A park near my home happened to be constructed above an interstate highway leading into Washington, DC. The roadway at that point was tucked within a little valley leading downhill towards the Potomac River. Drivers on Interstate 66 entered a tunnel briefly before returning to daylight and crossing the Theodore Roosevelt Bridge into the city. Most people shot through there so quickly they probably didn’t even wonder what they’d burrowed beneath.
Sometime during I-66’s construction someone had the grand idea of creating a three-acre ceiling above the motorway and christened it Arlington Gateway Park, a decent attempt at open space albeit a bit underused. The county did try to talk it up though, saying the park "…is the home of the annual Rosslyn Jazz Festival every September, is a great place to watch the 4th of July fireworks and provides a nice view of Georgetown from the Skywalk." Little did I know Gateway Park was well ahead of the times when constructed in the 1970’s. Now there’s quite a trend of undergrounding freeways in order to create open space, or even obliterate roadways entirely.
I took a closer look at a few commonly noted instances of this trend in urban renewal, those often cited as positive examples.
Milwaukee, Wisconsin, USA
A familiar story of relentless highway construction supporting a prevailing automobile culture struck an axe blow through neighborhoods in Milwaukee during the middle of the last century. It reached its farthest tide with the East Park Freeway which was only partially constructed before activist summoned enough political power to halt further progress. The highway would have stretched from Interstate 43 to Milwaukee’s Lake Michigan shoreline. Instead it became an underused 1-mile spur, and "The elevated freeway lowered the value of the surrounding land, so it was used primarily for surface parking, though some of it was right on the Milwaukee River." Sensing the error of their ways, city officials demolished the East Park Freeway in 2002.
Renewal remains a work in progress in Milwaukee as demonstrated by several empty parcels along the old highway right-of-way in the satellite image, above. The route formerly ran along the southern edge of McKinley Avenue and the Milwaukee River. Three new neighborhoods began to rise on the newly-available land, the McKinley District, Lower Water Street District and Upper Water Street District. All of them are being redeveloped with New Urbanist elements although it will take many more years.
Seoul, South Korea
Cheonggyecheon Umbrellas by travel oriented via Flickr (cc)
The Cheonggye Freeway rose from postwar South Korea in the 1950’s with active construction lasting into the 1970’s. War refugees settled in makeshift shacks along Gaecheon stream, turning it into a fetid cesspool. The neighborhood became an eyesore and an embarrassment to government officials. The natural solution for that period involved the forcible removal of residents, undergrounding the stream, building surface streets over top of it, and finally constructing an elevated freeway one level above that. The government considered this project sleek and modern, a symbol of South Korea’s recovery and industrial might.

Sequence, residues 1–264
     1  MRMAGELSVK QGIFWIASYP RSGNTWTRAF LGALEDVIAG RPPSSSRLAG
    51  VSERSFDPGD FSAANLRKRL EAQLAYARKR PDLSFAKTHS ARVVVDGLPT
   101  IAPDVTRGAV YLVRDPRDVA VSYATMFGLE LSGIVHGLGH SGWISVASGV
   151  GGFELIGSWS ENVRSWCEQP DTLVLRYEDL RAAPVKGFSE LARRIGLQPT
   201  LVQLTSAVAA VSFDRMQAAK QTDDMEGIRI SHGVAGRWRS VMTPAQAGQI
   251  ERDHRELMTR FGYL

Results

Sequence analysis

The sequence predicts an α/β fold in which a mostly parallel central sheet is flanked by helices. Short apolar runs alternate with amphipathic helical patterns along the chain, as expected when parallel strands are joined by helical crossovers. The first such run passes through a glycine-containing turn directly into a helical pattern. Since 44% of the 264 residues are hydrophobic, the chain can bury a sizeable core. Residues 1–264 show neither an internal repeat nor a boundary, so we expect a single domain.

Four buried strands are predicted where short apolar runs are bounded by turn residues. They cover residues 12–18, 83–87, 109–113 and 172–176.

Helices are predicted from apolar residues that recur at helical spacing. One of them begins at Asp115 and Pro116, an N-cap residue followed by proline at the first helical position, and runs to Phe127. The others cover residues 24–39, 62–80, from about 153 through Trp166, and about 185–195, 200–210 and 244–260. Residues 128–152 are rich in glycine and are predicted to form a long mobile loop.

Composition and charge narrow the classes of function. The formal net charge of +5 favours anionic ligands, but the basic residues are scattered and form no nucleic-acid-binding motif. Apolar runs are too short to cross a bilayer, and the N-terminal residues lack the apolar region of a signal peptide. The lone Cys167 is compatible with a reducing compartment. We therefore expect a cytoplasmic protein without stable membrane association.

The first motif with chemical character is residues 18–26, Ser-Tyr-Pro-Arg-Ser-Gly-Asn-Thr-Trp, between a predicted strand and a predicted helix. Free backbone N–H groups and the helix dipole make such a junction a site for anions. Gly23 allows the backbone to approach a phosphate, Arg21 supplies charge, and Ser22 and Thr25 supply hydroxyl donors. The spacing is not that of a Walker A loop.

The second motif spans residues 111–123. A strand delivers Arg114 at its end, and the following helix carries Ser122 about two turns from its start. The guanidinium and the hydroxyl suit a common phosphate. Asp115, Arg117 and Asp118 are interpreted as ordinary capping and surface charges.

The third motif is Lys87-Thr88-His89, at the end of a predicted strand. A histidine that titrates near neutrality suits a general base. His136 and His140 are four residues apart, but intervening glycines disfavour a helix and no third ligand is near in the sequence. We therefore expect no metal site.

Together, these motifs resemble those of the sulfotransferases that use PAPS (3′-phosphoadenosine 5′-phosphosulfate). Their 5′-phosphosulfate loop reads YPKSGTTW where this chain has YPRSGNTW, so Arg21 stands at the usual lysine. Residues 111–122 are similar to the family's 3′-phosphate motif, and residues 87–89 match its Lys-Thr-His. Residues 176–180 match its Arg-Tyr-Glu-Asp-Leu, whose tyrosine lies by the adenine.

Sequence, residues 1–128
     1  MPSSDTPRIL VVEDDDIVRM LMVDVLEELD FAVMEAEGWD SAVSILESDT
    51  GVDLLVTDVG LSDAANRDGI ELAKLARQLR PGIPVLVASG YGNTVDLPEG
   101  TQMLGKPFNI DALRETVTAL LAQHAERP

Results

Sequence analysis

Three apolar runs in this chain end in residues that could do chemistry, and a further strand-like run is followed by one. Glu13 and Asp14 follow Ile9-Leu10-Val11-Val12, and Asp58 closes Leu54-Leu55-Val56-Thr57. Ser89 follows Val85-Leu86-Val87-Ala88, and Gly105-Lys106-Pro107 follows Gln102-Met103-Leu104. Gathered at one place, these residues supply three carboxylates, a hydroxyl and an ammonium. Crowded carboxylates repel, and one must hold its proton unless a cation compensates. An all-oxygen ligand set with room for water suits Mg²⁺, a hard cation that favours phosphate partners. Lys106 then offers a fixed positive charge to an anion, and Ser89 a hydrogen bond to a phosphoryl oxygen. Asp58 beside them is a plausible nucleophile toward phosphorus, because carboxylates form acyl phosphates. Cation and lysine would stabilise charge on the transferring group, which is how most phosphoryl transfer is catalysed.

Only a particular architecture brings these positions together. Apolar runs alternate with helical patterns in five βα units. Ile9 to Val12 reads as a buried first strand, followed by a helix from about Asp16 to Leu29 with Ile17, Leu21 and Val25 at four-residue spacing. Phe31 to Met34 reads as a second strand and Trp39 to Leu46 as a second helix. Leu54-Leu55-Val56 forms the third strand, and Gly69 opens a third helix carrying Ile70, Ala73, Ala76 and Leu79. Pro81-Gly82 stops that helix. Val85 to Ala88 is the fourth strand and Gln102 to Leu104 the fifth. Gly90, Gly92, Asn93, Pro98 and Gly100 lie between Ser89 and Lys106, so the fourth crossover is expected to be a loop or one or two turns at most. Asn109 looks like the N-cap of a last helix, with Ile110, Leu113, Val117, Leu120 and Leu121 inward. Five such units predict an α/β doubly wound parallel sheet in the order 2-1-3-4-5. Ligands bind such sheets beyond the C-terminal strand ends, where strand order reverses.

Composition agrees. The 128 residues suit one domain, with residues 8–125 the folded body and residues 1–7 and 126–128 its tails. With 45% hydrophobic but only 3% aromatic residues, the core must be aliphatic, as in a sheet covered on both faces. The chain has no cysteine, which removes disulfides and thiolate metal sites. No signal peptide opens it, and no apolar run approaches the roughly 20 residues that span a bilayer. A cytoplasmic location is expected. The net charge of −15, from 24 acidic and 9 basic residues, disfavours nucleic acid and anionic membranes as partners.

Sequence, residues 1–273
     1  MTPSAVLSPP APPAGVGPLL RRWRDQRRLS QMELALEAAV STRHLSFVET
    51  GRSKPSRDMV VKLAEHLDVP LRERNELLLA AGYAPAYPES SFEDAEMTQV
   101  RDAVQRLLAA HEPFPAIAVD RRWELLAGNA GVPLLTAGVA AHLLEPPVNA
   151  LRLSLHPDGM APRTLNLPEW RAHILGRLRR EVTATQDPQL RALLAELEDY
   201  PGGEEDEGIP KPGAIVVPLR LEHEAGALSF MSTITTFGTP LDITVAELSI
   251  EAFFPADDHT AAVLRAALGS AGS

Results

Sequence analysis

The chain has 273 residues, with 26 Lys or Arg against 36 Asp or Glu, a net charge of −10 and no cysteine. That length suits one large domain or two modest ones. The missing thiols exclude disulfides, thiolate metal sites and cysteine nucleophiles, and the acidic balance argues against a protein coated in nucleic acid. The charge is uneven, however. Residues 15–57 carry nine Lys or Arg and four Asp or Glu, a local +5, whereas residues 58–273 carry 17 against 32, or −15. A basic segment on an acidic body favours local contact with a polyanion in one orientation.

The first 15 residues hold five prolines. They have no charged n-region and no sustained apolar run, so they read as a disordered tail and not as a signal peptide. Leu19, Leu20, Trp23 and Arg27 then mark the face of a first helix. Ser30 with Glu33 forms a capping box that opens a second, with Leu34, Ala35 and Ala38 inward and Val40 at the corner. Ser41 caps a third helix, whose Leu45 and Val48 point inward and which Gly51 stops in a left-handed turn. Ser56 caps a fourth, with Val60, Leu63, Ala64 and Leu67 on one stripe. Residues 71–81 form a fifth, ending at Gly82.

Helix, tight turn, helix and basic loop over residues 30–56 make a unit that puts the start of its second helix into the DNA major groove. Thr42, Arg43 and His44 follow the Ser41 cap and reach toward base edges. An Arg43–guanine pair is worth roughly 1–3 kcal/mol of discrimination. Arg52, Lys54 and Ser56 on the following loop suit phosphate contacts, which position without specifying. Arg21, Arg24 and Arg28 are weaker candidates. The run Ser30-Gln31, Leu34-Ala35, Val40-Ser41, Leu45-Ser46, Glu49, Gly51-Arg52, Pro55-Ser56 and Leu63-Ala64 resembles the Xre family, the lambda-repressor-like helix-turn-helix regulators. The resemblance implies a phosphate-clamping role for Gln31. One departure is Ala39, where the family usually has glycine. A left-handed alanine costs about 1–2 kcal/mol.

It didn’t work quite as planned as years passed. The neighborhood began to become a bit shabby, plus it had an elevated freeway running through the heart of it. The freeway itself became an annoying traffic choke point, perhaps more a symbol of frustrated driving and grimy air pollution than a modern South Korea. Cheonggye Freeway had to go. In its place came Cheonggyecheon (청계천) in 2005, a 10 kilometre restoration of Gaecheon stream along with accompanying landscaping and beautification (map). Now the area attracts residents and tourists alike instead of repelling them.
Arganzuela – Madrid Río by Abel de Burgos via Flickr (cc)
The final example cited quite frequently could be found in Madrid, Spain. Here a river also had been undergrounded and replaced with a freeway. The M-30 motorway created a tight ring around Madrid beginning in the 1970’s, looping immediately west of the city center. Designers followed the path of least resistance, the natural bed of the Manzanares River, with asphalt taking precedence at the surface. The freeway created two negative consequences; a visual blight on the landscape and disconnected neighborhoods.
Once again tastes changed. The layers reversed in a series of efforts between 2006 and 2011. The M-30 shifted underground and the Manzanares River returned to the surface to form Madrid Río, a 7 kilometer linear park (map). As the New York Times described the situation,
The park here, called Madrid Río, has largely been finished. More than six miles long, it transforms a formerly neglected area in the middle of Spain’s capital. Its creation, in four years, atop a complex network of tunnels dug to bury an intrusive highway, also rejuvenates a long-lost stretch of the Manzanares River, and in so doing knits together neighborhoods that the highway had cut off from the city center… the park belongs to a larger transformation that includes the construction of dozens of new metro and light-rail stations that link far-flung, disconnected and often poor districts on Madrid’s outskirts to downtown.
Madrid Río converted a bleak asphalt landscape into an enjoyable pedestrian zone.
There were many other examples I could have referenced if I’d had more space. Certainly Boston’s Rose Kennedy Greenway constructed as a result of the Big Dig fit the same theme. I already talked about that one in 2010’s Over the Road article. Another example would be The High Line in New York City where an abandoned elevated spur of the New York Central Railroad became a park. A final example would be the Embarcadero in San Francisco where a 1989 earthquake provided a perfect opportunity to remove an ugly freeway.